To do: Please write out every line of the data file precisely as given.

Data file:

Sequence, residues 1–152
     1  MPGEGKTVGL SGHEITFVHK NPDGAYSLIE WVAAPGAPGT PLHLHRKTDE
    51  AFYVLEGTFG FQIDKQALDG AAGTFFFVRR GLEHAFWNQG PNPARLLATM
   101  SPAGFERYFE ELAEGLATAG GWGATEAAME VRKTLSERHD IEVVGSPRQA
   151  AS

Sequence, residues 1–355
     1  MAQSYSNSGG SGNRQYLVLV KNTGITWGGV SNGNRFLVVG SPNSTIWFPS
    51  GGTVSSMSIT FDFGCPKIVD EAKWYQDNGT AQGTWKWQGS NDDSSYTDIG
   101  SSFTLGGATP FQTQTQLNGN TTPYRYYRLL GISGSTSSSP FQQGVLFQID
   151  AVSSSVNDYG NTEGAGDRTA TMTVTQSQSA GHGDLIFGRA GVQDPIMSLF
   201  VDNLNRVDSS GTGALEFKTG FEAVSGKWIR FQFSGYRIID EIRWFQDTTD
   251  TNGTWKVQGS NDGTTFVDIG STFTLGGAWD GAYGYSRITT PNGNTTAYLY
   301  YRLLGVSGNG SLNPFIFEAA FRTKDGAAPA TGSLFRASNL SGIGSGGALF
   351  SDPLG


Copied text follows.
Sequence, residues 1–152
     1  MPGEGKTVGL SGHEITFVHK NPDGAYSLIE WVAAPGAPGT PLHLHRKTDE
    51  AFYVLEGTFG FQIDKQALDG AAGTFFFVRR GLEHAFWNQG PNPARLLATM
   101  SPAGFERYFE ELAEGLATAG GWGATEAAME VRKTLSERHD IEVVGSPRQA
   151  AS

Sequence, residues 1–355
     1  MAQSYSNSGG SGNRQYLVLV KNTGITWGGV SNGNRFLVVG SPNSTIWFPS
    51  GGTVSSMSIT FDFGCPKIVD EAKWYQDNGT AQGTWKWQGS NDDSSYTDIG
   101  SSFTLGGATP FQTQTQLNGN TTPYRYYRLL GISGSTSSSP FQQGVLFQID
   151  AVSSSVNDYG NTEGAGDRTA TMTVTQSQSA GHGDLIFGRA GVQDPIMSLF
   201  VDNLNRVDSS GTGALEFKTG FEAVSGKWIR FQFSGYRIID EIRWFQDTTD
   251  TNGTWKVQGS NDGTTFVDIG STFTLGGAWD GAYGYSRITT PNGNTTAYLY
   301  YRLLGVSGNG SLNPFIFEAA FRTKDGAAPA TGSLFRASNL SGIGSGGALF
   351  SDPLG